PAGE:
A pair of straps II 4 connect the ends of the frames 92 and 96 to limit relative'angular movement thereof in one direction.

Fastened to one of the hollow rods 90 is an L-shaped arm II6 through the outer end of which is threaded a bolt UT; on the end of the bolt facing the patients leg is a pressure disk- II8 arranged to bear on the femur. After the tension on the patients leg has been adjusted and the foot and leg properly aligned, the disk similar arrangement may be applied to splint A.

Splint for lower arm fracture The splint .C is designed particularly for use in the treatment of fractures of: the lower arm and includes a pair of rods I connected to a ring I22 of steel covered with cushioning rubber I I 26 l being optional.

and to anarcuate crossbar I24. The cross bar I-24 is provided with a series of tapped holes into which may be threaded a bolt I26. carried by the hook 45, The suspension of the splintsfrom the overhead frame is the same in all cases, the bolt selecting a hole and tightening the bolt I26, the splint C may be made to hang at a, predetermined angle. Carried by. the telescoping rods I20 is a canvasstrap I28 adapted to passover the patients arm. I I, V I

'A frame I30 comprising a pair of upright legs and a horizontal U-shaped portion is adjustably clamp d to the rods I20 and is provided with a pair of clamps I32 which receive a vertical U- shaped frame I34. To keep" the patients arm in proper alignment I provide two straps I36 carried by the frame I34 and encircling the arm. A pulley or sheave I38 is journalled at the topof the frame I34, and a cord travelsover the pulley, being connected at one end to'a spreaderv bar I 40 from which lead strips of adhesive tape I42 which are wound about the'patients wrist. The other end of the cord is connected to a spring scale I44 secured to a turnbuckle I46 which is in turn secured to the U-shaped portion of the frame I30. A hand grip I48 is secured to the .upright portion of the frame I30 below the spreader barI40. After the fracture has been reduced and the -.lower arm immobilized the splint C is strapped in place with the arm at an angle. The adhesive tape I42 is applied to the arm and secured to the spreader bar I40. The set screws I32 are loosened and the frame I30 is raised until the de- Splint for fractures of the upper arm The splint designated by the character Dis particularly useful for the treatment of upper arm fractures. This splint comprises a pair of hollow rods I50 connected at one end to a rubbercovered steel ring I52 and to an arcuate cross bar I54. A frame I56 of metal has ends sliding telescopically in the hollow rods I50 and adapted to be locked in position by means of set screws I58 at the base of the crossbar I54. Slidably mounted in the frame I56 is a cross-bar I60 adapted to be locked in fixed position by means of stop blocks I62. A spring scale I64 is suspended between the bar I60 and a hook I66 threaded through the end of the frame I56. A hand grip l68 is also connected to the bar I60. The rods I50 and the frame I56 support a'pair of canvas slings II0. Ad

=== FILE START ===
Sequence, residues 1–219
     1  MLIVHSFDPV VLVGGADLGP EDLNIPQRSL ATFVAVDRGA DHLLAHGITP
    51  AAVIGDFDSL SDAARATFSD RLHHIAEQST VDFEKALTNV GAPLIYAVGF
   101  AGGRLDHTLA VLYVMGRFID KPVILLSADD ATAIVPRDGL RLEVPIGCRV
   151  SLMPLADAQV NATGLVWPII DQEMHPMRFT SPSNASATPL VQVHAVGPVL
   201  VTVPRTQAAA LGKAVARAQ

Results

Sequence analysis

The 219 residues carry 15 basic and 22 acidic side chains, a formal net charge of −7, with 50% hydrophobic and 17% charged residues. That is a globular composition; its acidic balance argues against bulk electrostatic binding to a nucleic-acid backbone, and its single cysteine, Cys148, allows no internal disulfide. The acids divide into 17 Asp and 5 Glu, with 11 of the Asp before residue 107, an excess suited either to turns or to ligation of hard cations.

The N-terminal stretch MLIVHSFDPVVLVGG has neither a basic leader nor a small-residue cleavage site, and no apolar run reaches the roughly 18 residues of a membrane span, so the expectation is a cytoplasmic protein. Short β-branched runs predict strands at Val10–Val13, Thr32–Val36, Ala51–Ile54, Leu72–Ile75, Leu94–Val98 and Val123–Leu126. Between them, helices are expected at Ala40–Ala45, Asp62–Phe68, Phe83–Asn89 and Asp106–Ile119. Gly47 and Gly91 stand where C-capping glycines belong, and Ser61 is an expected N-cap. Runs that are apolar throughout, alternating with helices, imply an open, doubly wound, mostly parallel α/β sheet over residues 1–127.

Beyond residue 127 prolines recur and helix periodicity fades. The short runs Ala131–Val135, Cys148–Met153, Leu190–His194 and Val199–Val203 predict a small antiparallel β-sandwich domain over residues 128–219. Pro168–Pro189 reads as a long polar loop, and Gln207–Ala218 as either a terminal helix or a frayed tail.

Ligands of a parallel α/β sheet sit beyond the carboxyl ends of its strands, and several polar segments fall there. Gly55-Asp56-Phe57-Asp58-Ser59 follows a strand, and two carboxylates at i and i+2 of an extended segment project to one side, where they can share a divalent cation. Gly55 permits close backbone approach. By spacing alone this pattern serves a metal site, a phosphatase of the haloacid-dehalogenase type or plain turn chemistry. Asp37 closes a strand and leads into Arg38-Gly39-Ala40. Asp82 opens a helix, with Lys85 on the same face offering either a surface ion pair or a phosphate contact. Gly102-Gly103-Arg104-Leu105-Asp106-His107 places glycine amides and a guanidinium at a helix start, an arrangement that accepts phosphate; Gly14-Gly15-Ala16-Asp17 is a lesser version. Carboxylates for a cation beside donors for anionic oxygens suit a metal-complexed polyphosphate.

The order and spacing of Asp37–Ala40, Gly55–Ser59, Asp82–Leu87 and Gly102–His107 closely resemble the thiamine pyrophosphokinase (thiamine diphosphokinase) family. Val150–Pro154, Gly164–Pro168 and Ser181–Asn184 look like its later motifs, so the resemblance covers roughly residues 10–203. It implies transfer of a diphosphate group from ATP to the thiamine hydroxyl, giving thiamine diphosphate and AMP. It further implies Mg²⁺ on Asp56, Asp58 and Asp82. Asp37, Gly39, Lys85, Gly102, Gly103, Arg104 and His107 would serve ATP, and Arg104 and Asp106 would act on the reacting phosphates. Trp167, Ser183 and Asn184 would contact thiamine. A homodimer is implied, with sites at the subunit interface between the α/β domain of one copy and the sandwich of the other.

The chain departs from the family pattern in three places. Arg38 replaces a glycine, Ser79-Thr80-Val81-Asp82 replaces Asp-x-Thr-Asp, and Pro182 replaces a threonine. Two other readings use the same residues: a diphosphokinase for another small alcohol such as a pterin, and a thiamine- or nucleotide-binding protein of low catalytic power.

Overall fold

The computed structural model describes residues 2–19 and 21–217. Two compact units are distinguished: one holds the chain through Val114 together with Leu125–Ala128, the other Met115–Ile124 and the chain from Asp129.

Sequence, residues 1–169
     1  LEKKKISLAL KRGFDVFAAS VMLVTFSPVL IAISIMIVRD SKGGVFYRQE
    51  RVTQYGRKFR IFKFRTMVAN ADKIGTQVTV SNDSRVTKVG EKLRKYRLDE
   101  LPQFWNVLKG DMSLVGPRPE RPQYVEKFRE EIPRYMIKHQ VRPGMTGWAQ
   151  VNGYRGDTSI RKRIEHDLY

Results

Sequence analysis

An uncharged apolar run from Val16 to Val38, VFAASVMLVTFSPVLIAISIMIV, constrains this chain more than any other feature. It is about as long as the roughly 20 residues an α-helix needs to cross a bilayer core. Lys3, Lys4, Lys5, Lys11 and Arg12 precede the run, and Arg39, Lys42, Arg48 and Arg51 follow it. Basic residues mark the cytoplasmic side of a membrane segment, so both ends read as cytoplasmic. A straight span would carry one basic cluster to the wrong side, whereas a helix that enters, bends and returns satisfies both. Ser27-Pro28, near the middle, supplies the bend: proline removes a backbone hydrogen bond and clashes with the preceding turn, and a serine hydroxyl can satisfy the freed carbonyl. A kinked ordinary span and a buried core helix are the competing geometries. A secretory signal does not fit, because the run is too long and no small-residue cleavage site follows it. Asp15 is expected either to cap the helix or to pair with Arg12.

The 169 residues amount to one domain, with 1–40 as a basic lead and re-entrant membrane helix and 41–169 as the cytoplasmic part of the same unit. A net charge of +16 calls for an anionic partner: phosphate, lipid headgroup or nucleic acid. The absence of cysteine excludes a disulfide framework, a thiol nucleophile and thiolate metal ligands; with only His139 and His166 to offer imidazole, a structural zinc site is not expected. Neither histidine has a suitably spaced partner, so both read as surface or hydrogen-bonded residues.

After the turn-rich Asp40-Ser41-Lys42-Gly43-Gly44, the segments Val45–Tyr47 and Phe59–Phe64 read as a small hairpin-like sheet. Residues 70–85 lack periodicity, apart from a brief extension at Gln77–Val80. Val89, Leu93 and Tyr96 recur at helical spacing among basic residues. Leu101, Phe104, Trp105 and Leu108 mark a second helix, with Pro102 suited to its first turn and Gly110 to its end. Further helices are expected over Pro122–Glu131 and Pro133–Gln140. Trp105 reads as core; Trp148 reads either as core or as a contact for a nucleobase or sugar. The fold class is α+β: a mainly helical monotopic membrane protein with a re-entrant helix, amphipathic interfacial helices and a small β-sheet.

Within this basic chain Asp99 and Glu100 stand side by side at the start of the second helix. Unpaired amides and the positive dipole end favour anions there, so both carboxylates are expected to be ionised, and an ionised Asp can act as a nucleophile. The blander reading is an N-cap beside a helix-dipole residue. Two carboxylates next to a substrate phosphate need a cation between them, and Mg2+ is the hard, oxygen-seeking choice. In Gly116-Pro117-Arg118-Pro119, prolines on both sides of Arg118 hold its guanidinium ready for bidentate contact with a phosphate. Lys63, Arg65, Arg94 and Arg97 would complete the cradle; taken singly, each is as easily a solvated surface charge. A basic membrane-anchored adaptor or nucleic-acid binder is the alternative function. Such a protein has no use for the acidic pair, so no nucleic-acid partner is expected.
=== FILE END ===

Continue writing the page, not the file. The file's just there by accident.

until the scale I 64 registers almost the tension desired. Then the hook I66 is adjusted to provide the exact tension required. The splint is then It will be obvious that by slipped over the hook #5 which has previously beenadjusted to the desired position. In order to counterweight the arm splints a pulley I80 may be connected to the bed frame, and a cord I82 connected at one end of the ring I52 runs through the pulley I88 and to a weight I84, The weight I84 is selected according to the amount of support desired.